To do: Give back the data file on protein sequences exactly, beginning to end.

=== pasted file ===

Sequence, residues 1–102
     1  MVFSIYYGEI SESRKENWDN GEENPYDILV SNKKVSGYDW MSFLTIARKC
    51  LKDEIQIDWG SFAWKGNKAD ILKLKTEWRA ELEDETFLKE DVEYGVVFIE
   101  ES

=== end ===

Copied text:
Sequence, residues 1–102
     1  MVFSIYYGEI SESRKENWDN GEENPYDILV SNKKVSGYDW MSFLTIARKC
    51  LKDEIQIDWG SFAWKGNKAD ILKLKTEWRA ELEDETFLKE DVEYGVVFIE
   101  ES